Last summer, I walked into the URJ Kutz Camp for the first time, knowing barely anyone and feeling quite out of place. Upon passing through the gates, each staff member greeted me with “Welcome home!” At first, this rubbed me the wrong way — how was I expected to call this unknown place home? However, the associated attitude of familiarity diffused into my camp-self, facilitating my transition from my true home to camp. So, when Yale used these words in its post-acceptance videos and posts, I knew this could be the place for me.
Few phrases carry more weight in my eyes than “Welcome home.” When entering a strange environment, this greeting conveys that you are wanted, loved and appreciated. In fostering an ideal community, there stands no true alternative. A slight shift in the wording results in an entirely new meaning. “Welcome to Yale” carries the feelings of unworthiness and shock which still follow many incoming first years, while “Welcome, class of 2022” separates first years from other undergraduates.
From an outsider’s perspective, the slogan comes from truth. I judge communities by how their members greet others. The summer after sophomore year of high school, I moved from my childhood home in St. Louis to Charlottesville, Virginia, a city I barely knew existed. After the transition, I gravitated toward groups that left me with a kind first impression; saying hello to new people in your environment, a small gesture, signals that everyone is wanted. One night during Bulldog Days, a friend and I wandered into a concert on Old Campus. After, one of the performers walked us to her favorite buttery even though it was on the opposite side of campus from her destination. Along the way, she shared meaningful campus stories, told us about her life and explained what made Yale so special. She treated us as respected friends, not just prospective classmates. Yalies are eager to share their space with new members.
A strong home community stabilizes life’s unpredictable nature. Last summer, members of the “alt-right” and neo-Nazi movements descended on my new hometown of Charlottesville. Having faced anti-Semitism in school before, I feared the public display of hatred would ripple into my high school. Instead, people denounced the outside fearmongers and returned to school with a newfound enthusiasm for the exploration of other cultures. Rather than spending my senior year fending off people who now felt comfortable openly expressing hatred, I got to bake hamantashen, a traditional Jewish pastry, with my classmates in my Christian school’s kitchen. People cared about each other and would not allow Jason Kessler or David Duke to stand in their way.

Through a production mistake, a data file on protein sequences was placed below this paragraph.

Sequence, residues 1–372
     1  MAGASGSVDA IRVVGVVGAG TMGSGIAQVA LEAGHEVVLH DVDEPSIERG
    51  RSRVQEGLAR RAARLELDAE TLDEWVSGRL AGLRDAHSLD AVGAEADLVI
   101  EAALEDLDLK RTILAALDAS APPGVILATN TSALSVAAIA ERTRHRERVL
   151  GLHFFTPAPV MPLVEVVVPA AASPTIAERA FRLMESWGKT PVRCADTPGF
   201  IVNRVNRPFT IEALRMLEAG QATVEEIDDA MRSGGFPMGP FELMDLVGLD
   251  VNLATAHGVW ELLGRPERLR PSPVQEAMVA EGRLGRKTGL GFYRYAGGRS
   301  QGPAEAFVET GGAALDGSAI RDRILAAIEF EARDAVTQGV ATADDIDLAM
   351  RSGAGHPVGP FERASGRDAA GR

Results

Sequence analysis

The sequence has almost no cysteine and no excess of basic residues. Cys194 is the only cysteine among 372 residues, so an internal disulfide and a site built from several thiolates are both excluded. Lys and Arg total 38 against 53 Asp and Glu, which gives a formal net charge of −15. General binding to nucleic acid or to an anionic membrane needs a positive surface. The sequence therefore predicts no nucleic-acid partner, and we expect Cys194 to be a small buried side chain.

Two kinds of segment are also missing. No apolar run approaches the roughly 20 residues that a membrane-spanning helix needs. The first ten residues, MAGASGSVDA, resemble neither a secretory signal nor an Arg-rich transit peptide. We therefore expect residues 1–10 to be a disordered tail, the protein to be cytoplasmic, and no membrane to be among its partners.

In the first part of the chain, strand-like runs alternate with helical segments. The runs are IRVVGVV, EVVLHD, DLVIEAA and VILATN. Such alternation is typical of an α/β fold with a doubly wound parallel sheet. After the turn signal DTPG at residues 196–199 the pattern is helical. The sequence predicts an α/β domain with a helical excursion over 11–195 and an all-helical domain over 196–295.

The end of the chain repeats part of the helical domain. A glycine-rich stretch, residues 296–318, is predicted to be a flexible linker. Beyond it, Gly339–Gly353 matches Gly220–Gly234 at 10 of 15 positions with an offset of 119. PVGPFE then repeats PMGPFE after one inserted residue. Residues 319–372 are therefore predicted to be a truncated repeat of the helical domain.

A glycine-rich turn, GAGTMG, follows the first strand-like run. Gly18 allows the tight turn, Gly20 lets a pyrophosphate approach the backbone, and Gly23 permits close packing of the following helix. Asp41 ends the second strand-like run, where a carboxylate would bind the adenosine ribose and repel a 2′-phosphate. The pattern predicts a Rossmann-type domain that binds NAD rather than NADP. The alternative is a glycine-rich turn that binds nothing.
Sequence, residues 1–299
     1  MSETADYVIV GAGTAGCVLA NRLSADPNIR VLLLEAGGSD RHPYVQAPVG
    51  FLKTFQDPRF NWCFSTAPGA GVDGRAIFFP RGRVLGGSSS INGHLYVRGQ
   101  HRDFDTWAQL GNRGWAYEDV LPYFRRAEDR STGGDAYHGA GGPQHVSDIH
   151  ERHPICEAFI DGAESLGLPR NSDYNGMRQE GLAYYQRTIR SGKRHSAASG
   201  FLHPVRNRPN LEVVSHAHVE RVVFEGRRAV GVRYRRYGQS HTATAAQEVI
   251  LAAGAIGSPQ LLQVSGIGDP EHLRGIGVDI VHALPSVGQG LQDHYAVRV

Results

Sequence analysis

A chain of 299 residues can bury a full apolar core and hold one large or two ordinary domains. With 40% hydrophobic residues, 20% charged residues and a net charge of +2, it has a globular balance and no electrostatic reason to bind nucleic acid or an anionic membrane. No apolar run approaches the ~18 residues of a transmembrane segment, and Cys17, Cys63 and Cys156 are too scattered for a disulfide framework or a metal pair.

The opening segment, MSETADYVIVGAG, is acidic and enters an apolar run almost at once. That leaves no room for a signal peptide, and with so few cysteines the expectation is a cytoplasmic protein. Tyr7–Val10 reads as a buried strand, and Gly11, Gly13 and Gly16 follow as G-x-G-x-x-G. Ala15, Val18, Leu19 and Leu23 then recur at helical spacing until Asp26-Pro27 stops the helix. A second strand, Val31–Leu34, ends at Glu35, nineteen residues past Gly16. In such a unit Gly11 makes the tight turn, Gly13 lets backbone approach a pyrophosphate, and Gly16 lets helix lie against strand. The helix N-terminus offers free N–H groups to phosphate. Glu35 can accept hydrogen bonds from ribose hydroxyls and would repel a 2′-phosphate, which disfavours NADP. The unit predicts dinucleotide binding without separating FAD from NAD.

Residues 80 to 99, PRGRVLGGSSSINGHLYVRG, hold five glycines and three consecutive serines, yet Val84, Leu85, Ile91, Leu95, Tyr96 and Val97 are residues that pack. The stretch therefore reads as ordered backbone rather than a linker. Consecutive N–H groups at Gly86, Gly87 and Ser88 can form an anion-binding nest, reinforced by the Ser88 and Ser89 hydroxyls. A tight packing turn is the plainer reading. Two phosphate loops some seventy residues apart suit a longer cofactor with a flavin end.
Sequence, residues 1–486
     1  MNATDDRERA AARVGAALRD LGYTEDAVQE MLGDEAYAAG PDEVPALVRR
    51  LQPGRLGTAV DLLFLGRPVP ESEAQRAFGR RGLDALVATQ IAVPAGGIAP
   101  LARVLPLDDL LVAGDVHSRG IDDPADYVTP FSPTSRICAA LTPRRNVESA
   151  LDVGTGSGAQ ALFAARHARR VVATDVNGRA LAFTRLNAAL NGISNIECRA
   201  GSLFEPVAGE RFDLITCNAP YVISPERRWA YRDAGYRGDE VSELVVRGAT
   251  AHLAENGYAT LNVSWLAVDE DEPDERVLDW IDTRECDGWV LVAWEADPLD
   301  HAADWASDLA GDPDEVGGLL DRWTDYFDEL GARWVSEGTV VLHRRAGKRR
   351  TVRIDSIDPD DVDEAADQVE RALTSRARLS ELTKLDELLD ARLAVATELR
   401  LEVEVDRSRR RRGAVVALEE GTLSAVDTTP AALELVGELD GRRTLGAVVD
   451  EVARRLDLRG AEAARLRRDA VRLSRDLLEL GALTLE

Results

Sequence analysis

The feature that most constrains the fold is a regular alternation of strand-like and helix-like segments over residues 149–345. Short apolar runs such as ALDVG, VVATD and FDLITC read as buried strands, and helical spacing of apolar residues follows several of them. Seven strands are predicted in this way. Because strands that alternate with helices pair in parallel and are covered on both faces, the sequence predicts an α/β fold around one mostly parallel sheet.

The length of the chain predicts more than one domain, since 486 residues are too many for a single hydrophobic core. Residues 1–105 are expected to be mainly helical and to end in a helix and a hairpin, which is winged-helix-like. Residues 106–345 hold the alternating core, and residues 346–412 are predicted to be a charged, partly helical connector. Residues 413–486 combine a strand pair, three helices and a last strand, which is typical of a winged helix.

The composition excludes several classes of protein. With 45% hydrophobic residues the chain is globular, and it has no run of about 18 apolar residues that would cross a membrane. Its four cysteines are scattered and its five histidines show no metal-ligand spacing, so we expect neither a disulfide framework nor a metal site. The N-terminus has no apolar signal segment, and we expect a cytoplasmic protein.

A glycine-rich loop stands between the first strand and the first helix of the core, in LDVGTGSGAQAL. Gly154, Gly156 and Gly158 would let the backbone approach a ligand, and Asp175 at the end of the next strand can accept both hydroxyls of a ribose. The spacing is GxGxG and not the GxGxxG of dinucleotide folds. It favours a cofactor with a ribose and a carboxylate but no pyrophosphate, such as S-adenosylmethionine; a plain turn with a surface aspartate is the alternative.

There are going to be times in the next four years when we face communal hardships. Last year, when a fellow graduate student called the police on Lolade Siyonbola GRD ’19 for napping in a common room, Yale students stood up for their peers of color whose place in the community had been challenged. Establishing a strong communal foundation allows us to address the underlying issues which tarnish our school while still expressing love for it. People have complicated relationships with their homes, but at the end of the day, it’s still home.
There’s a reason that we colloquially call first-year orientation “Camp Yale.” This place isn’t supposed to be just a school — Yale makes it abundantly clear to incoming students that we are supposed to look out for each other. Between residential colleges, FroCos and clubs, an extensive peer mentoring networking has been arranged for us. As college students, we will live in a constant state of insider and outsider, simultaneously at home and away from it. Before we get drawn into our personal passions, let’s take time to forge meaningful relationships — let’s make this place our home.
Max Krupnick is a first year in Berkeley College. Contact him at firstname.lastname@example.org .